Calorie restriction (CR) improved health span in 2 longitudinal studies in nonhuman primates (NHPs), yet only the University of Wisconsin (UW) study demonstrated an increase in survival in CR monkeys relative to controls; the National Institute on Aging (NIA) study did not. Here, analysis of left ventricle samples showed that CR did not reduce cardiac fibrosis relative to controls. However, there was a 5.9-fold increase of total fibrosis in UW hearts, compared with NIA hearts. Diet composition was a prominent difference between the studies; therefore, we used the NHP diets to characterize diet-associated molecular and functional changes in the hearts of mice. Consistent with the findings from the NHP samples, mice fed a UW or a modified NIA diet with increased sucrose and fat developed greater cardiac fibrosis compared with mice fed the NIA diet, and transcriptomics analysis revealed diet-induced activation of myocardial oxidative phosphorylation and cardiac muscle contraction pathways.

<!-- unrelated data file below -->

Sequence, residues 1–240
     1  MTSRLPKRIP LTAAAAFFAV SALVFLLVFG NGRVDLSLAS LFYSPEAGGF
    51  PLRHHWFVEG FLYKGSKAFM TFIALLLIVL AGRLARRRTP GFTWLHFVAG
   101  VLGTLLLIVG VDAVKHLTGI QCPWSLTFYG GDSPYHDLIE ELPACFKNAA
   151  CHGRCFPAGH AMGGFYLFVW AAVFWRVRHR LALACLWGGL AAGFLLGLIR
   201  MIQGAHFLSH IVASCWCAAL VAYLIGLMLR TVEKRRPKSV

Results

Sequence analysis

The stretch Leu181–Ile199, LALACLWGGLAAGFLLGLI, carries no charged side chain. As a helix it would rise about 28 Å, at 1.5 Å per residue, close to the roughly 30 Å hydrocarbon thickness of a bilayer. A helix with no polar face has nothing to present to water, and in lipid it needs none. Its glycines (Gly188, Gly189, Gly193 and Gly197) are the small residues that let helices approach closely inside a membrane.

Niranjana Natarajan, Ana Vujic, Jishnu Das, Annie C. Wang, Krystal K. Phu, Spencer H. Kiehm, Elisabeth M. Ricci-Blair, Anthony Y. Zhu, Kelli L. Vaughan, Ricki J. Colman, Julie A. Mattison, Richard T. Lee
Mice fed the UW or the mNIA diet for 6 months have elevated body weights, higher fasting glucose levels, and increased cardiac fibrosis.